Lifebox is ecstatic to announce that we’ve been awarded funding from Johnson & Johnson through the Tropical Health and Education Trust (THET).
The funding means that we’re able to launch an ambitious project in Tanzania – making surgery and anaesthesia safer across the north of the country.
Lifebox will be partnering with Kilimanjaro Christian Medical Centre (KCMC), a large referral hospital that lies in the foothills of the snow-capped Mount Kilimanjaro in northern Tanzania. We have worked with KCMC since 2012 and this joint project will address the lack of equipment and training that is essential in providing safe anaesthesia.
“Lifebox is delighted to work with THET and Johnson & Johnson to provide safer surgery and anaesthesia in Tanzania. Our project with Kilimanjaro Christian Medical Centre will train and equip Tanzania’s incredibly hard working but under-resourced anaesthesia providers to transform patient safety across Tanzania. This will make a truly lifesaving difference.” Kristine Stave, Lifebox Director
The project in numbers
- One Revised Anaesthesia Curriculum
- One Six-month Fellowship to provide mentoring and support
- Three Anaesthetic Volunteers to help integrate new curriculum
- Seven Hospitals to be fully equipped with pulse oximeters across all operating rooms
- Ten Anaesthetic Staff trained through a ‘train-the-trainers’ workshop
- 70 Student Nurses to be trained in best practice anaesthesia
- 107 oximeters to be distributed to operating rooms across the country
- 91,000 patients to receive safer care during the project’s year-long duration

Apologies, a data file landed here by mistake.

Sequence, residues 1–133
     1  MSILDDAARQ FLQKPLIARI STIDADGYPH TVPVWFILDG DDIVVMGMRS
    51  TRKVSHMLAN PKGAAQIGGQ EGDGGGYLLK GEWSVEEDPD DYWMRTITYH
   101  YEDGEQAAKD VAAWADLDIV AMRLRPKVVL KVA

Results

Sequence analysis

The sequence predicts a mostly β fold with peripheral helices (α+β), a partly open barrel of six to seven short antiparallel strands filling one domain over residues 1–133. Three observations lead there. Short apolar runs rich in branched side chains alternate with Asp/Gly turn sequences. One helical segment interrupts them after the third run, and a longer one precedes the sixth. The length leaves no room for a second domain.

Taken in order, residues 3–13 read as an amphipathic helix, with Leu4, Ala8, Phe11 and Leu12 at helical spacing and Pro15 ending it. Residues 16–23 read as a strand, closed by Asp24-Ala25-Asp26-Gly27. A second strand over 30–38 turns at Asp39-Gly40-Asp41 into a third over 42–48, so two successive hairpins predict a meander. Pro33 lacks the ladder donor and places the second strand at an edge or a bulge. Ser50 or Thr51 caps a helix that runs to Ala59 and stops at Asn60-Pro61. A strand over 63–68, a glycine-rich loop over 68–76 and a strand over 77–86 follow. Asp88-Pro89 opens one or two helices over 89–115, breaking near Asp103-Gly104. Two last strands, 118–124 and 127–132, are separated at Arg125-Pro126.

- 139,100 safer operations to be performed each year after the project’s duration
Across the country, Tanzania has just 13 specialist anaesthetists, the majority of which are located in the largest city of Dar es Salaam. Anaesthesia provision often falls to nurses (or partially trained Anaesthetic Officers) who are forced to rely on knowledge gained from their initial, and often out-of-date, vocational training.
The project will work to support nurse anaesthetists in Tanzania by revising the Anaesthesia Diploma at KCMC – one of the largest anaesthesia courses in the country. Each year 70 nurses from hospitals across the country are selected to attend the year-long diploma. The project will revise and update the diploma’s curriculum to embed pulse oximetry and the Surgical Safety Checklist into the course materials. This best practice training will be further supported with mentoring from a six-month visiting Fellow.
Alongside improved training, the project will also address the lack of essential monitoring equipment. From needs assessments received by Lifebox from across Tanzania, 79% of operating rooms lack a functioning pulse oximeter. This project will equip all 70 student nurses with a Lifebox Pulse Oximeter at graduation to take to their home hospital. A further 37 oximeters will be distributed to meet the oximetry need at KCMC and six other neighbouring hospitals in the region.
By the end of the project in April 2017, 107 operating rooms will be equipped to monitor their patients with a pulse oximeter during surgery. This means that more than 139,000 patients a year will benefit from safer surgery because of this project – creating a lasting and lifesaving difference.
This is the first year that NGOs have been able to apply to THET for funding. Seven projects were awarded funding as part of the Africa Grants Programme supported by Johnson & Johnson which supports the training of health workers in Africa through partnerships. We’re looking forward to keeping you posted with the latest news from the project as we work towards safer surgery in Tanzania.